Shelly Levene is one of the older salesmen in Mitch and Murray's satellite office. He's been selling investment properties since the 1960s, and he was once very good at it. Now in the early 1980s, he can barely close a deal. He blames his streak of "bad luck" on the poor quality of leads he's given, not on his sales technique—which hasn't changed since his early days in the business. Levene is desperate to do well in the monthly sales contest so he can keep his job to give money to his daughter, who is either ill or in similarly dire circumstances. This desperation leads him to rob the office and sell the premium leads to Mitch and Murray's competition. Levene represents the common man who works hard but has nothing to show for it.
Richard Roma is the top-earning salesman in Mitch and Murray's four-person satellite office. As such he gets the best leads, which allows him to stay at the top of the office leaderboard. Roma doesn't limit himself to the sure bets, however. He's always selling, even when he's ostensibly taking a dinner break. That's how he meets James Lingk, whom he interests in a plot of land after just a few minutes of conversation. Roma's sales pitch is both self-assured and casual, and he presents himself as a friend and confidant to his prospective clients. Underneath his cordial and supportive demeanor, Roma is always looking out for one person: himself.
Humorless and stoic, John Williamson runs Mitch and Murray's satellite sales office with a combination of fear and spite. He makes sure the men under his watch know their jobs are at risk if they don't perform, and as he controls the distribution of the leads, he gets to decide who does well and who doesn't. Williamson seems outwardly unaffected by the salesmen's taunts about his position, purpose, and social life, but he always gets his revenge in the end. He unwittingly sabotages Roma's deal with James Lingk, knowingly gives Levene leads that will go nowhere, and turns in Levene to the cops after saying he wouldn't. He represents the corporate greed and control that prevents the common man from getting ahead.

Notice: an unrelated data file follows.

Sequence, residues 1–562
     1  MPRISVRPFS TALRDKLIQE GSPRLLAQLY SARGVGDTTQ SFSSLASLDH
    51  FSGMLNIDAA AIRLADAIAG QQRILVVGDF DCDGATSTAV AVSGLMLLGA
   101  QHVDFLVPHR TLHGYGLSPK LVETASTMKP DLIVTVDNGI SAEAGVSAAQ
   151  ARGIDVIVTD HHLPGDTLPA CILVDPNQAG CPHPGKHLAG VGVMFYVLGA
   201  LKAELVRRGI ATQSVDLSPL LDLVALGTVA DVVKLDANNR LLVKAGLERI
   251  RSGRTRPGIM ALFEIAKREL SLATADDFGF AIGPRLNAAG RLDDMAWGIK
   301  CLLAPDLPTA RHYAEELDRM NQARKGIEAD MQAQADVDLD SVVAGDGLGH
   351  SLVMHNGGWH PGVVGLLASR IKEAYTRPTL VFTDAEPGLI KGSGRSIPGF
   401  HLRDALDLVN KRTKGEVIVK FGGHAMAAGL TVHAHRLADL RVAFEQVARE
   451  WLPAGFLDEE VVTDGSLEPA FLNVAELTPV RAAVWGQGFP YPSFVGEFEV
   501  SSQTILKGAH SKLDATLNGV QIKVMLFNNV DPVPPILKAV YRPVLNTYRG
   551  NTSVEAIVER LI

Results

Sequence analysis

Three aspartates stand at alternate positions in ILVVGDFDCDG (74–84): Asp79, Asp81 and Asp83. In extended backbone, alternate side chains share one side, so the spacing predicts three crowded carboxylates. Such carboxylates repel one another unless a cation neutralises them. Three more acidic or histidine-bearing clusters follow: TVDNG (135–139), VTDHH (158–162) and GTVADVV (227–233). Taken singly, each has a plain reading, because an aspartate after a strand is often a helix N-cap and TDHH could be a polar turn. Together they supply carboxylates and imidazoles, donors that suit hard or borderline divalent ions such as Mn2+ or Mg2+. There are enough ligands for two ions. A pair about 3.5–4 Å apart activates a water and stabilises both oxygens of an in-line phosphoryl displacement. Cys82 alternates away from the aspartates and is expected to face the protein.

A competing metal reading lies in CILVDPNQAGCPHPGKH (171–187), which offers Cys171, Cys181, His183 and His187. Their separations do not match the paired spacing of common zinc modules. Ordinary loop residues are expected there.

James Lingk, initially dining alone at the Chinese restaurant, is drawn to Richard Roma by the salesman's open, friendly manner. During the course of their dinner conversation, Lingk and Roma begin to discuss Glengarry Highlands. Chastised by his wife for what she believes is a foolish investment, he tracks Roma down at the office, demanding to cancel the contract and retrieve his check. Devastated when told the check has been cashed, he storms out.
Struggling to make sales, Dave Moss is furious about the sales contest. As an act of revenge against the company's management, he plots the robbery and convinces Levene to carry it out.
George Aaronow seems the least dishonest of the salesmen. He refuses to commit the burglary even when Moss tries to blackmail him into doing so. Even though he doesn't participate in the robbery, he worries that Moss may lay blame on him.